Harvey’s chapter on sermon preparation and delivery relies on texts that most will not find surprising – Robinson’s Biblical Preaching, Chapell’s Christ-Centered Preaching, and Hamilton’s Homiletical Handbook. One might also note Harvey’s repeated use of Andy Stanley’s Communicating for a Change. While Stanley is a popular speaker and author, his books are not universally considered of the same substance and weight as those previously mentioned, and differs significantly in terms of sermon shape. Stanley’s inclusion into this list of expositors simply appears out-of-place.
Harvey’s book will serve those in search of an accessible tool to assist them in the task of sermon preparation. His summaries provide a cursory understanding of the material needed for such a task, but also provide recommended (conservative, evangelical) texts for further study as one sees fit. Anyone striving to faithfully communicate God’s Word as penned by Paul the Apostle will find assistance in this little volume.
John D. Harvey, Interpreting the Pauline Letters: An Exegetical Handbook
I received this book free from the publisher through the Kregel Academic book review bloggers program. I was not required to write a positive review. The opinions I have expressed are my own.
This summer, I’m participating in Turbo Hebrew at Southwestern Seminary – that is, I am taking the first two semesters of Biblical Hebrew in the months of June and July. The danger in cramming such a labor-intensive course into the summer (apart from simply bombing-out) is that I might finish the course with no clear understanding of the Biblical language. Another very real danger is that in putting the extensive time in the study of Hebrew, I might lapse in my Greek studies.
So this summer, I decided to take a risk and preach through the book of Colossians (translating each verse individually) while taking the Hebrew course. This, I hope, will enable me to maintain my Greek proficiency (which is in and of itself an overstatement) while studying Hebrew.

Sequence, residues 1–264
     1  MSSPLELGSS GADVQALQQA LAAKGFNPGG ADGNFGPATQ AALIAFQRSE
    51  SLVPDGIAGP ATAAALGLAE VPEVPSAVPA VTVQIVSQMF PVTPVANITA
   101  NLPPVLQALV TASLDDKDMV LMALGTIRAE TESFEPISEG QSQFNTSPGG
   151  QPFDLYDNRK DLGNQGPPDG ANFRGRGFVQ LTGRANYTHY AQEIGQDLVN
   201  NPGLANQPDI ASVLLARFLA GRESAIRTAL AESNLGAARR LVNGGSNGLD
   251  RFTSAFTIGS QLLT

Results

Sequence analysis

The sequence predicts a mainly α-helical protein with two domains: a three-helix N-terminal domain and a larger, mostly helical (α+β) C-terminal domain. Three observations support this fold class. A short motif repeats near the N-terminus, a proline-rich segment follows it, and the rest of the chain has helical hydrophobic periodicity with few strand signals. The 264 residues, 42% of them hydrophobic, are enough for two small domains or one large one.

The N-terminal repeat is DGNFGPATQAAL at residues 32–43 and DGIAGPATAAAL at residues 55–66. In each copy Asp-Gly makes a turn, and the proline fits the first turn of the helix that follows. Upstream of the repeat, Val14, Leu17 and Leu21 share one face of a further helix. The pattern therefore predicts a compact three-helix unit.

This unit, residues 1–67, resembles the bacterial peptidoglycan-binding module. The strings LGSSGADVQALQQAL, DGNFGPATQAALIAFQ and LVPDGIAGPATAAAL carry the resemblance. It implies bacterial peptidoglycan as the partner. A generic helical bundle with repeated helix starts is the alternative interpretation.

With that having been written, I thought I would share the five primary resources, apart from my Greek New Testament, that I’m utilizing as I work through the book of Colossians.
- Exegetical Guide to the Greek New Testament: Colossians and Philemon
- NICNT: Ephesians and Colossians
- Word Biblical Commentary: Colossians, Philemon
- NAC: Philippians, Colossians, Philemon
- Colossians and Philemon for Pastors
What are your top books on Colossians? What one book am I missing out on?
Sermon text Colossians 1:15-23
Lloyd-Jones, Martyn. Setting Our Affections Upon Glory. Wheaton, IL.: Crossway, 2013. 173 pp. $15.99.
In Setting Our Affections Upon Glory, nine sermons from Lloyd-Jones’ final trip to the United States are published for the first time, demonstrating to a new generation the homiletic mastery of “The Doctor.” These sermons, delivered at the Pensacola Theological Institute in 1969, are saturated with exegetical insight and seasoned with pastoral wisdom.
In expositional form, these sermons address topics related specifically to the gospel and the church that are just as cogent in our day as in his. He reminds his hearers that the ultimate test of faith is not our response to times of plenty, but in times of loss. He argues that the church generally must be built upon doctrine, because otherwise, “it is not Christian fellowship. It is carnal fellowship. It is merely human fellowship” (56). In fact, he states that “there is nothing more dangerous to the true life of the church than reversing this order and putting fellowship before doctrine” (58).
This little book is a wonderful addition to any collection of sermons. It serves as a fantastic introduction into the masterful preaching of Lloyd-Jones, but more importantly has the capability of transforming the way we think about the gospel and the church.
Martyn Lloyd-Jones, Setting Our Affections Upon Glory
I received this book free from the publisher through Crossway book review bloggers program. I was not required to write a positive review. The opinions I have expressed are my own.